sunflowerp: (BattleReady)
[personal profile] sunflowerp
I am a cis woman. That is, my gender identity[1] and my genes/hormones/plumbing/etc match up, as female. That matchup is a privilege.

The adjective[2] "cis" was coined because there are occasions when it's necessary to distinguish those who have such a match-up from those who don't (trans people/women/men). It is not inherently a pejorative term (though it can be used pejoratively, as can most words); it's simply the Latin antonym of "trans".

There are, however, people who have the privilege of identity/biology matchup who find it horribly offensive (GG the Undead takes note here of a particularly massive and trainwrecky instance [see also Questioning Transphobia's post, while I'm not posting specifically about that debacle, was what inspired me to quit waiting for that long-delayed shipment of Round Tuits and damned well post these thoughts). Most of the objections I've seen are about like the first one quoted at QT, which can be summarized as, "But I don't like it!", or are even less coherent.

As far as I can tell, the "offense" here is that the offended folks feel like they've lost the privilege of being Unmarked Case. That's pure "puff" privilege, all style and no substance; the most substantial thing lost is their sense of being "normal", "not one of the freaks". Their sense of it, mind you; the world is not suddenly looking at them askance. Most of the time, there's no need at all to subdivide the category "woman" (or "man") into cis women and trans women (or cis men and trans men); those folks objecting to "cis" aren't being asked to constantly and consistently identify themselves as a subclass of the category. If that were the case, they might have a point - the exact same point as those trans women and men who object to being asked to specify their transness whether it's relevant or not.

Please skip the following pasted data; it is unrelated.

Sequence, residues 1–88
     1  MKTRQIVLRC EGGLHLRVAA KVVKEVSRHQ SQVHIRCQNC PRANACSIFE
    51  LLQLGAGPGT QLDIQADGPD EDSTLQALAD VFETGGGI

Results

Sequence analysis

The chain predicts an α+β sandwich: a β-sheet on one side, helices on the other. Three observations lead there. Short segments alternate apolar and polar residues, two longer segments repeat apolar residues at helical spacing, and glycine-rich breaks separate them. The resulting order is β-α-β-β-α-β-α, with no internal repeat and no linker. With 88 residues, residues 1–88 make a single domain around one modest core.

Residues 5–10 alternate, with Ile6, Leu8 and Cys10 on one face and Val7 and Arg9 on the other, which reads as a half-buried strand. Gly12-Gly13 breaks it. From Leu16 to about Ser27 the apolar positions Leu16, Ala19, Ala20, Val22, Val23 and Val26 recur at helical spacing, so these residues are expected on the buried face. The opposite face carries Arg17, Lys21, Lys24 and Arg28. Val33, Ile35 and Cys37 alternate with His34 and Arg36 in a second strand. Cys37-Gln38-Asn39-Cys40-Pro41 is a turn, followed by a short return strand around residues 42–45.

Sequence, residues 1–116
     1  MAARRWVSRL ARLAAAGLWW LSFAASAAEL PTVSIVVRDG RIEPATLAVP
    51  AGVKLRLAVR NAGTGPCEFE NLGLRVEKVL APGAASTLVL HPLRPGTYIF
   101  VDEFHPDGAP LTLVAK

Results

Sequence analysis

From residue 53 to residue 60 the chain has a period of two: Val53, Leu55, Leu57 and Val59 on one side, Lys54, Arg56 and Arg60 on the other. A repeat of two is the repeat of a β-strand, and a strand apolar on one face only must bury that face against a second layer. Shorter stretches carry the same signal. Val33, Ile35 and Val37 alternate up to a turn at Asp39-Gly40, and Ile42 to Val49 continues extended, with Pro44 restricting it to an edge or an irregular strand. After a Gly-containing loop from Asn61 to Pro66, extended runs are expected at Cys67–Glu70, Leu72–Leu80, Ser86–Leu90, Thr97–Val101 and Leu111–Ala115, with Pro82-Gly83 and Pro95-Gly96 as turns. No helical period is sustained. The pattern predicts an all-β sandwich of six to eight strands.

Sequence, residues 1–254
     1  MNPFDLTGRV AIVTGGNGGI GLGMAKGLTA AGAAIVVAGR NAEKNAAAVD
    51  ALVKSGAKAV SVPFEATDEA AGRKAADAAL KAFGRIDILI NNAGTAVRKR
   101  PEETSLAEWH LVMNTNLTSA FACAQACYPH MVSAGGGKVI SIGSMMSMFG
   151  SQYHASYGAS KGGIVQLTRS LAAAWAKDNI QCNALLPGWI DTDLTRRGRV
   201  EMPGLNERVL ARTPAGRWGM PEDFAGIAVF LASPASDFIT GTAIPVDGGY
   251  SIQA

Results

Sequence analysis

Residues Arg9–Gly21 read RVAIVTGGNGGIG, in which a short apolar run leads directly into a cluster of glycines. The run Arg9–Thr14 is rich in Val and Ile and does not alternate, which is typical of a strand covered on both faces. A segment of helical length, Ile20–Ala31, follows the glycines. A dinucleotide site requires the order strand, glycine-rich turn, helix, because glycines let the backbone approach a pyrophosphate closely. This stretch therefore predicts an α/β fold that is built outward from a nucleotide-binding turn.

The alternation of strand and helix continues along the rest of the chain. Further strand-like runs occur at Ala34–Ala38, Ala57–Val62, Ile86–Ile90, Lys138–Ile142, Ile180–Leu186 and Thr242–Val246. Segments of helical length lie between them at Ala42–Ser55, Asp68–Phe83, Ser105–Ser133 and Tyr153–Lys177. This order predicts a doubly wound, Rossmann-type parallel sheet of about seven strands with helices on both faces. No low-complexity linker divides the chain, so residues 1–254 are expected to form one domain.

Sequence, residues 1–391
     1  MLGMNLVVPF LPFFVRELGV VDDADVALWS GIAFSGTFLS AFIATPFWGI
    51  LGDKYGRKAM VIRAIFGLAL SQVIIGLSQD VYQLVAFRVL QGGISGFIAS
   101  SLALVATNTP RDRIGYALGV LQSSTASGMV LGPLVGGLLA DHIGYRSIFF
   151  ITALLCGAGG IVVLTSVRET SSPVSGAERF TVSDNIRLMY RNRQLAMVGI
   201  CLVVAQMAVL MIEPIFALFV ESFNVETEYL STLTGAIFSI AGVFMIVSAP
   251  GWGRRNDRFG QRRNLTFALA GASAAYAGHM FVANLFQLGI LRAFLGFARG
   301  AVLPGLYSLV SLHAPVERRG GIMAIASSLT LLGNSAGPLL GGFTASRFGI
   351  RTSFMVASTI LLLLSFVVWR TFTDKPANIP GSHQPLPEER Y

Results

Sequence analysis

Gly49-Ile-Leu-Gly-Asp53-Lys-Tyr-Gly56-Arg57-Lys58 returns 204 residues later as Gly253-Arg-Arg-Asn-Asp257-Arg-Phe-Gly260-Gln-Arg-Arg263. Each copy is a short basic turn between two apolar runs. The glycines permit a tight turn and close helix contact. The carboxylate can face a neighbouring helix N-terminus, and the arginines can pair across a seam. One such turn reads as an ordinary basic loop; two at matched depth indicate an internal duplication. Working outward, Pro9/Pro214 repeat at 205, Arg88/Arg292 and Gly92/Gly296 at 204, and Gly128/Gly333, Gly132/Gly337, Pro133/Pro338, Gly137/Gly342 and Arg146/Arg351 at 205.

When trans folk and their allies use the adjective "cis", the intent is to construct a frame in which, when subdivision of categories is relevant to the discourse, each subcategory is adjectivally distinguished, and when subdivision is not relevant, no distinguishing adjectives are required. I've never heard an objection to "cis" that argued that all distinguishing adjectives are offensive[3], or offensive-when-irrelevant; if they touch on that at all, it's to champion the "right" of trans folk to identify by their chosen term "trans" - completely eliding that it's an identifier chosen for those instances of relevance. "Trans woman/man" is not[4] an identity in place of woman/man, it's an identity in place of terms habitually and traditionally used derogatorily.

No, the objection is that "cis" in particular is offensive. Taking again the first objector quoted in the QT post linked above, it's because cis people didn't make it up themselves. Granted, it's not put like that, it's expressed as not being able to choose the identity-term - well, no more did trans people; they selected the least-baggage-laden of a selection of terms imposed by the (cis-defaultive) cultural mainstream. Note that the objector doesn't offer an alternative of any kind, nor any examples of "cis" being used derogatorily; basically, he's just offended because other people are marking his privilege baggagecase, dammit, it's his to mark, but he's not gonna.